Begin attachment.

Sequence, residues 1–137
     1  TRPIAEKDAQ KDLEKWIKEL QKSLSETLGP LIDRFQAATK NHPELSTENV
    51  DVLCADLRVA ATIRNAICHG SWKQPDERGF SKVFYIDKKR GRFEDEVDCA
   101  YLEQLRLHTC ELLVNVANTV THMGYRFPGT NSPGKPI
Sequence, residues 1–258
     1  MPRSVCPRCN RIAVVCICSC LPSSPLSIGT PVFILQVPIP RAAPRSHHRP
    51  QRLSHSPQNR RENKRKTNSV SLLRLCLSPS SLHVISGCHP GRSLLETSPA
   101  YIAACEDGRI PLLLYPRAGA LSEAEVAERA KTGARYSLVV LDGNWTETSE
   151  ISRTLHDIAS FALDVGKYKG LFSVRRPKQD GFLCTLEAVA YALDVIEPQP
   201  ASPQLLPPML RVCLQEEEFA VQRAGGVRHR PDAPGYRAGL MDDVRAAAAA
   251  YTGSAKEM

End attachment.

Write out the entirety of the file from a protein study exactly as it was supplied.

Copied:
Sequence, residues 1–137
     1  TRPIAEKDAQ KDLEKWIKEL QKSLSETLGP LIDRFQAATK NHPELSTENV
    51  DVLCADLRVA ATIRNAICHG SWKQPDERGF SKVFYIDKKR GRFEDEVDCA
   101  YLEQLRLHTC ELLVNVANTV THMGYRFPGT NSPGKPI
Sequence, residues 1–258
     1  MPRSVCPRCN RIAVVCICSC LPSSPLSIGT PVFILQVPIP RAAPRSHHRP
    51  QRLSHSPQNR RENKRKTNSV SLLRLCLSPS SLHVISGCHP GRSLLETSPA
   101  YIAACEDGRI PLLLYPRAGA LSEAEVAERA KTGARYSLVV LDGNWTETSE
   151  ISRTLHDIAS FALDVGKYKG LFSVRRPKQD GFLCTLEAVA YALDVIEPQP
   201  ASPQLLPPML RVCLQEEEFA VQRAGGVRHR PDAPGYRAGL MDDVRAAAAA
   251  YTGSAKEM